Author Elaine Stienon has chosen to craft a novel out of a particularly convoluted and largely forgotten bit of 19th century American history. Her story involves the the Mormon Church’s split into factions following the murder of its founder and original prophet Joseph Smith, one led by Brigham Young, who practiced polygamy and headed for Utah, the other led by James Strang, who rejected plural marriage and eventually ended up on Beaver Island, Michigan.
The novel follows this latter group to the island, concentrating on a small set of families mostly following the lead of Gabriel Romain, a doctor and blacksmith, as its members struggle to come to terms with the changing landscape of their lives. And change it did: Strang declared himself king of the Beaver Island community, took multiple wives, thus violating one of the main reasons behind the Mormon schism in the first place, and was finally assassinated while his followers were driven from the island and scattered by vengeful and intolerant “gentiles.”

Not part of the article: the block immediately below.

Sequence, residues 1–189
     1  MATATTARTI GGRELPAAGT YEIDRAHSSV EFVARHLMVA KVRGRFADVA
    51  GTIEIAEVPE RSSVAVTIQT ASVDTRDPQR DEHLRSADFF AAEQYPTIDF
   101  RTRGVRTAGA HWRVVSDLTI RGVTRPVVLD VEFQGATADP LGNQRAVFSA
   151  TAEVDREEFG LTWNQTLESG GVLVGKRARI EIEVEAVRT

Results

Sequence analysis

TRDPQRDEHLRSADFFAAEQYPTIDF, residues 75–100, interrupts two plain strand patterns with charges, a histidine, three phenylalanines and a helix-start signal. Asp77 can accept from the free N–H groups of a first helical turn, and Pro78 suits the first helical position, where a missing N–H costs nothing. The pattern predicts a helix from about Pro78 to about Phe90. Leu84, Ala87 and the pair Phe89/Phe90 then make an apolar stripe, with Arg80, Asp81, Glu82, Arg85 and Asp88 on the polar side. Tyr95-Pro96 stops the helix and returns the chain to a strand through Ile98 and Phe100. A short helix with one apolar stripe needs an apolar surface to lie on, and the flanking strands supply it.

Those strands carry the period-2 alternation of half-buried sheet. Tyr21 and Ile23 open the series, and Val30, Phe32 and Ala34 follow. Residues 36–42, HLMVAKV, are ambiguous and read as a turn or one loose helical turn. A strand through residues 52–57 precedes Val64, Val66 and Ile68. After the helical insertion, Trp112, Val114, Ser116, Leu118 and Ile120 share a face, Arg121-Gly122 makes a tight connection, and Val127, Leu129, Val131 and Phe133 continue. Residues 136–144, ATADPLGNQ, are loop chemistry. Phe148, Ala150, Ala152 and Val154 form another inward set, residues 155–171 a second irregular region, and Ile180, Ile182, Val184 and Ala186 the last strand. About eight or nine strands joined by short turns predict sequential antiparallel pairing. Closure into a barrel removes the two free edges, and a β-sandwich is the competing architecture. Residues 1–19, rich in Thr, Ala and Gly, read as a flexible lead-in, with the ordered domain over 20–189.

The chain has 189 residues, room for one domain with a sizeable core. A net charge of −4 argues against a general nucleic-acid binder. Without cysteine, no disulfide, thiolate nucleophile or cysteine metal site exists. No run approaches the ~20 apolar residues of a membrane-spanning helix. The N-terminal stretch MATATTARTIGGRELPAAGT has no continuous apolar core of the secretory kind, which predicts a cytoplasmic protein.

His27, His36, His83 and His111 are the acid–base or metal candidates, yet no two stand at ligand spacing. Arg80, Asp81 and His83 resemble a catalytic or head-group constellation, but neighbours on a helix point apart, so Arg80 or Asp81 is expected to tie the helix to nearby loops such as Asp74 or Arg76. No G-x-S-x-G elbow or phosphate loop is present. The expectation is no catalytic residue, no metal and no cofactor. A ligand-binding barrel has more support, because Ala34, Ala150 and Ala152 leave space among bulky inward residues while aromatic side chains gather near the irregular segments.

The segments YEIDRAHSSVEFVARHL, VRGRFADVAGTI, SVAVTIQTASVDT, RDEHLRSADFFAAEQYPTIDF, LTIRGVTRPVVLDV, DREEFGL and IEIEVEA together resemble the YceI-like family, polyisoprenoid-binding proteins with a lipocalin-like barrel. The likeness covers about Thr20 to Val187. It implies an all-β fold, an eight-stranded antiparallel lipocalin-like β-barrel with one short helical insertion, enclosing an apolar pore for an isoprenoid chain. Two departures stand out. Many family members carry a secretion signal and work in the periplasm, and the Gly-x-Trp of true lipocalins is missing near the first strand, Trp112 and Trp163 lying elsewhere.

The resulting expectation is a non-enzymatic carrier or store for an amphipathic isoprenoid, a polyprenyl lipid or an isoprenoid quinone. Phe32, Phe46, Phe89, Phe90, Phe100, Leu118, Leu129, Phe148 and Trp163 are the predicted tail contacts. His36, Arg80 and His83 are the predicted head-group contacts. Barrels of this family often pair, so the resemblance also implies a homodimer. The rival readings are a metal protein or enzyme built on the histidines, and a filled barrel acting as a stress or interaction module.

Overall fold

Stienon, who has written several previous novels based on the story of the early Mormon Church, skillfully blends this plethora of historical events in all their confusing detail into her story, making them work smoothly as elements of her fiction. She should be heaped with praise for holding the many strains of the story together so adeptly. Her characters—man, woman, white, black, Native American, Strangite, or Roman Catholic—are all well-drawn and strong enough to resolutely drive the plot forward.
Although some might find the resolution somewhat glib and improbable, none can deny its possibility. What we are left with, at the end, is a fine account of a neglected slice of the past, as well as a remarkably tight and well-told novel.
Also available as an ebook.